WESTLOCK — Westlock County councillors are considering allowing hamlet residents to keep chickens on their properties.
During a governance and priorities committee meeting July 14, council spent no more than 10 minutes on the issue, which administration noted was brought up by Coun. Victor Julyan.
Director of planning Laurie Strutt told council that some large urban centres like St. Albert, Red Deer, High River and Okotoks currently allow backyard hens, but only three or four.
This doesn’t seem as widespread in rural municipalities. Strutt cited Foothills County, where a survey determined that 77 per cent of residents were in favour of hens on residential county lots. Support was a little lower in hamlets, with 60 per cent in favour.
A public hearing was postponed due to COVID-19, and there’s no policy there yet.
Thorhild County councillors recently rejected a proposal from administration to allow chickens—the proposal was even reviewed by a University of Alberta professor.
“I asked (the administrator) why and she said just ‘Not everybody is in favour of it,’” said Strutt.
“But if we’d like to go this way, we could do a public hearing or a … community survey to see actually how many people would like (this).”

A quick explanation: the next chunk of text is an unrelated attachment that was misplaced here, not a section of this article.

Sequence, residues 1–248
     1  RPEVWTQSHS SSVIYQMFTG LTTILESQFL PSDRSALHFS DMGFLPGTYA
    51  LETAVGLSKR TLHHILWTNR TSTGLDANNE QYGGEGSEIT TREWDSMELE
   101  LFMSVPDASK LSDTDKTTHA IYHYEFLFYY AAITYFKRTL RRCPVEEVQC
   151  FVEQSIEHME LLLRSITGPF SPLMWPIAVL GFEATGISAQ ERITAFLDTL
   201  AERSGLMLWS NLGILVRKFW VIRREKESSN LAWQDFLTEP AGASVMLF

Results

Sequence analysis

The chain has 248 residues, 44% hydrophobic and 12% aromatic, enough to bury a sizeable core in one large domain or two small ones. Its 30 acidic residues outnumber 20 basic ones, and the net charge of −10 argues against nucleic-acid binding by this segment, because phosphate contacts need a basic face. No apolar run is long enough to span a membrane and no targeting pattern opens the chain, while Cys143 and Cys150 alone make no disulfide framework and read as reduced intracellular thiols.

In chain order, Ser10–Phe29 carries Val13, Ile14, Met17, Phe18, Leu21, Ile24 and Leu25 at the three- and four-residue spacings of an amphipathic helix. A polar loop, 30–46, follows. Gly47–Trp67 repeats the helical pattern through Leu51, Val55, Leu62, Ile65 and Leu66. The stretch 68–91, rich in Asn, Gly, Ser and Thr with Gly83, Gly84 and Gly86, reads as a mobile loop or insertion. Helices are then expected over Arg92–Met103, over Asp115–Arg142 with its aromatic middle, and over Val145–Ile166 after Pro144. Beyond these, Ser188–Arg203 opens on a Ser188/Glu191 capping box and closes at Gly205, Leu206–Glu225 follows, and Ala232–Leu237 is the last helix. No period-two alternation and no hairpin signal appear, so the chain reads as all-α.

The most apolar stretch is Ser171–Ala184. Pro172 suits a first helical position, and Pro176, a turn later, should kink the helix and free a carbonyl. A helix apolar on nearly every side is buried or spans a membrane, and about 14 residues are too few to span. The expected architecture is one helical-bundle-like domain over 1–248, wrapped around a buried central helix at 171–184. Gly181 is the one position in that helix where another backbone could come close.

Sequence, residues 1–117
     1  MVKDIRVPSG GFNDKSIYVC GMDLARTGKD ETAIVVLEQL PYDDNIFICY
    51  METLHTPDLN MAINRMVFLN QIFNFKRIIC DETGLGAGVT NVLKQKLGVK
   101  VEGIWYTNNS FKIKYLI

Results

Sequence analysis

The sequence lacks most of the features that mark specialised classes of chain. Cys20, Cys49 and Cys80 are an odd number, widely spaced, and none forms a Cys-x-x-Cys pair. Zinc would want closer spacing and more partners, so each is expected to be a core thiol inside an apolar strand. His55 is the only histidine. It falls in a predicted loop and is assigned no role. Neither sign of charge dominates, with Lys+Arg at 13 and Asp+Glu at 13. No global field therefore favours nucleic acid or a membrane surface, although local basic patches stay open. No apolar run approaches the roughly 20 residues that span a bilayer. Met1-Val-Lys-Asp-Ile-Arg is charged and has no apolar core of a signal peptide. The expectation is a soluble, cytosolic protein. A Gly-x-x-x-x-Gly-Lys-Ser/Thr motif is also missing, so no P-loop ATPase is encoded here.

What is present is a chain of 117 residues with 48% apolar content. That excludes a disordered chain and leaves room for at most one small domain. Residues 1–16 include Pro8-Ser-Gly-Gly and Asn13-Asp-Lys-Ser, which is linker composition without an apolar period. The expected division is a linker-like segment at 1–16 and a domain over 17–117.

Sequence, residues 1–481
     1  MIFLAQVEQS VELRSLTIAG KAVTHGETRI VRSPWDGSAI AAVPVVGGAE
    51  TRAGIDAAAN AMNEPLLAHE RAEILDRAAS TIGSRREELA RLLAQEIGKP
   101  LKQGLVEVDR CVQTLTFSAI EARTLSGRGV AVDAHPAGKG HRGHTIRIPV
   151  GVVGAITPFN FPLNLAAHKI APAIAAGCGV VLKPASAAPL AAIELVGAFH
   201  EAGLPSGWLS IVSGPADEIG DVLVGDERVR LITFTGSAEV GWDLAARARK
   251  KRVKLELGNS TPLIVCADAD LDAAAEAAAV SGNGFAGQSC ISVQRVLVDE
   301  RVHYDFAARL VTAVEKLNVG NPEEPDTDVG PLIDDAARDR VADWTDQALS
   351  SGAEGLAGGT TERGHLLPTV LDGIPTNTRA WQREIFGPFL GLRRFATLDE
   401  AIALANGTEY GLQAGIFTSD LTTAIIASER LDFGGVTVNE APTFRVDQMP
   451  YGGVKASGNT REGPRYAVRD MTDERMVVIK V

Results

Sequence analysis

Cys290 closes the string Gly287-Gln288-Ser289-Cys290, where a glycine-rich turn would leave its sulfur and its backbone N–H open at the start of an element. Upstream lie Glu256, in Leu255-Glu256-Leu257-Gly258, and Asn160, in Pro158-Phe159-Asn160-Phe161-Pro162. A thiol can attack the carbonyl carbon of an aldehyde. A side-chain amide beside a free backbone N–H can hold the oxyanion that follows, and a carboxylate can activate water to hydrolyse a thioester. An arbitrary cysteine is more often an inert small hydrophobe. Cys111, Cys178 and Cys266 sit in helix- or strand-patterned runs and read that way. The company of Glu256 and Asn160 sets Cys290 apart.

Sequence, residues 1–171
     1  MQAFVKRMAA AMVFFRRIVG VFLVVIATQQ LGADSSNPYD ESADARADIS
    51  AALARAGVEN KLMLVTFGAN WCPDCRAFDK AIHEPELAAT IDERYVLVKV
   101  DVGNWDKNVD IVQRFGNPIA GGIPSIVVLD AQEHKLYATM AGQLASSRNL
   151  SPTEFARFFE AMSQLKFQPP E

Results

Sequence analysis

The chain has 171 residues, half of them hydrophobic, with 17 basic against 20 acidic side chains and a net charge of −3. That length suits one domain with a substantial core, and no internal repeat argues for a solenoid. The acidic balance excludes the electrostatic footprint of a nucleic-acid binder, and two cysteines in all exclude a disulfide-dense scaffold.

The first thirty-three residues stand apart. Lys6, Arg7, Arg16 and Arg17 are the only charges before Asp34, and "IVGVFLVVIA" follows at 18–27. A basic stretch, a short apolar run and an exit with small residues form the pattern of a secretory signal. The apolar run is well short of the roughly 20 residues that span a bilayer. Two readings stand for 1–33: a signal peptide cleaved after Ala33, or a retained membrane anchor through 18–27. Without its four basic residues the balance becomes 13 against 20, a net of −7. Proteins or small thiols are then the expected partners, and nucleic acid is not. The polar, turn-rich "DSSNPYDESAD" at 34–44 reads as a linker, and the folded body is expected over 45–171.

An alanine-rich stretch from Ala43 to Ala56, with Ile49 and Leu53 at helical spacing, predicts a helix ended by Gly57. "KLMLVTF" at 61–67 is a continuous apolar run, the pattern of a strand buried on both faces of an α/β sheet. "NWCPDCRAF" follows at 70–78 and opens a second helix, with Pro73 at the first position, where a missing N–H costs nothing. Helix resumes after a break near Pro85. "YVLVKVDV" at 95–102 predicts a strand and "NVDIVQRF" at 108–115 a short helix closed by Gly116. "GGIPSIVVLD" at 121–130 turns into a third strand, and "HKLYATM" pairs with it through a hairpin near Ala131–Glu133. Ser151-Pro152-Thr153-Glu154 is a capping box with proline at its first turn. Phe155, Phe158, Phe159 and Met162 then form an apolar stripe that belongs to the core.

A similar proposal was also rejected by Strathcona County councillors. They cited potential infringement on chicken farmers in the area if people can keep their own hens, but the public was less pleased with that explanation.
The sentiment was rather different among Westlock County councillors; they’d like to see a draft bylaw with some commentary on what raising chickens would look like in the hamlets.
“If people want to do this now … have their own eggs, their own gardens, I don’t think it’s harmful, if it’s done properly like anything else. I see no harm,” said Coun. Jared Stitsen.
Reeve Lou Hall also thinks it’s a great idea but with one caveat: no roosters.
Julyan, the initiator of the backyard hen project, does want to see a restriction on the number of chickens a person can keep. In High River, no more than three hens are allowed on a single property.
There was one skeptical voice in county chambers: “I have had absolutely zero requests (for this),” said Coun. Dennis Primeau, the usual suspect. He was concerned with the timeliness of this.
“It makes some people happy to have their chickens,” countered Stitsen, who pointed out it doesn’t really cost the county much to get going on a land use bylaw amendment of this nature.
No backyard chickens are allowed in the Town of Westlock either.